Fig. 1

Scout view for positioning the area of interest in multivoxel 1H-MRS (chemical shift imaging). a Axial T2-weighted MR image; the internal square (light blue) shows positioning for multivoxel spectroscopy. The smaller square (red) indicates the voxel actually evaluated. b Sagittal scout view, indicating VOI placement for multivoxel spectroscopy, lateral view


MTI measurements allowed for determining the average transfer ratio of lesions and WM. An off-resonance radiofrequency pulse with 1.5 kHz distance to the Larmor frequency of hydrogen, 16.4 ms duration, 850° flip angle and 768 Hz bandwidth was chosen. Measurements were programmed in a way that a gradient-echo sequence without off-resonance pulses was immediately followed by the one using off-resonance pulses.

Image post-processing

MS lesions were identified based on double-echo T2- and proton-density-weighted images, (Magic View, Siemens Medical Solutions, Erlangen, Germany) and quantified using an established software tool (AMIRA 3.01, Konrad Zuse Zentrum, Berlin, Germany). Lesions as well as NAWM were segmented using a threshold-based algorithm including a spatial connectivity paradigm and prior manual selection of regions of interest (ROIs) (Fig. 2). Subsequent to lesion masking, NAWM was segmented. Small areas that were not included in the first segmentation step could be included in a second automated segmentation procedure with limited maximum volume, in order to protect non-NAWM areas such as the insular region from inclusion. For MTR calculation purposes, MTI and double-echo studies were spatially co-registered.
Fig. 2

ac Segmentation of lesions and whole brain NAWM for MTI measure in various plains. Red areas indicate already demarcated MS lesions and are excluded form WM segmentation. d Surface-shaded three-dimensional view of WM volume, segmented on the basis of the algorithm shown in ac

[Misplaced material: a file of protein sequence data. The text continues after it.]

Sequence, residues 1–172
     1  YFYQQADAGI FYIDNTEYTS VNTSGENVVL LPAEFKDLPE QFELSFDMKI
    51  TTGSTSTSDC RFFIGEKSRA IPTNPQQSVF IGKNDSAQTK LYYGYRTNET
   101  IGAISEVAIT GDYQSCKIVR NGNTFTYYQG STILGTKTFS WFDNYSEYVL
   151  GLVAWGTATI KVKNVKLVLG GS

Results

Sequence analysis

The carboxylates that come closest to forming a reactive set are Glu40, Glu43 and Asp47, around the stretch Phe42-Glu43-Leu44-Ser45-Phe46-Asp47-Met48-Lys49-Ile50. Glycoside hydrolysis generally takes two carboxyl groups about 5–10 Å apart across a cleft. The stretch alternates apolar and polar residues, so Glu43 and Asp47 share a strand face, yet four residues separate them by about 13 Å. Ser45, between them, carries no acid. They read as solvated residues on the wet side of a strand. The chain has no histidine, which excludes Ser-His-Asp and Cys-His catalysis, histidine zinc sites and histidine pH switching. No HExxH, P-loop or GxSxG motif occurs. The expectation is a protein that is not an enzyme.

Subsequently, the following parameters were determined in an automated manner: lesion count and volumes of T2-weighted studies, average lesion MTR and average MTR of whole brain WM. Altogether, 189 lesions were analysed throughout the study period. Average time consumption per session post-processing amounted to 120 min.

Clinical assessment

Each patient was assessed clinically on the MRI study day by an experienced neurologist; this included the Expanded Disability Status Scale (EDSS) and the Multiple Sclerosis Functional Composite (MSFC). EDSS quantifies disability in MS with respect to eight functional systems by allowing the neurologist to assign a Functional System Score (FSS) in each of these. EDSS steps 0 to 3.5 refer to patients with MS who are fully ambulatory, EDSS steps 4.0 to 9.5 are defined by the impairment to movement.

The EDSS test was supplemented by the Multiple Sclerosis Functional Composite (MSFC) test as this is able to monitor subtle changes in the disease course as well as to reflect cognitive impairment induced by MS [15, 16]. MSFC is a multidimensional clinical outcome measure that includes quantitative tests of leg function/ambulation [Timed 25-Foot Walk (TWT)], arm function [9-Hole Peg Test (9-HPT)], and cognitive function [Paced Auditory Serial Addition Test (PASAT)]. From these three tests, so-called z-scores are derived representing the differences between the patients performance compared with the cohort investigated.

Therapeutic regimen

Ten out of 17 patients completed the study period of 24 months. They were treated with either IFN β-1a 22 μg s.c. (n = 7), IFN β-1a 30 μg i.m. (n = 1), glatiramer acetate (n = 1) or remained untreated (n = 1).

After a baseline scan, therapy start was initiated by applying IFN β-1a 22 μg s.c. three times per week, by injecting IFN β-1a 30 µg once per week or by daily injections of glatiramer acetate.


Statistical evaluation as well as diagram generation was achieved by using SPSS 11.5 (SPSS, Chicago, Ill., USA). In order to assess cross-sectional data differences at initial diagnosis the Mann-Whitney U-test as well as the Spearman’s rank correlation coefficient (rs) were used. For longitudinal data evaluation, the non-parametric Friedman test and the Wilcoxon signed-rank test for repeated measurements on a single sample were used as well as the Spearman’s rank correlation coefficient.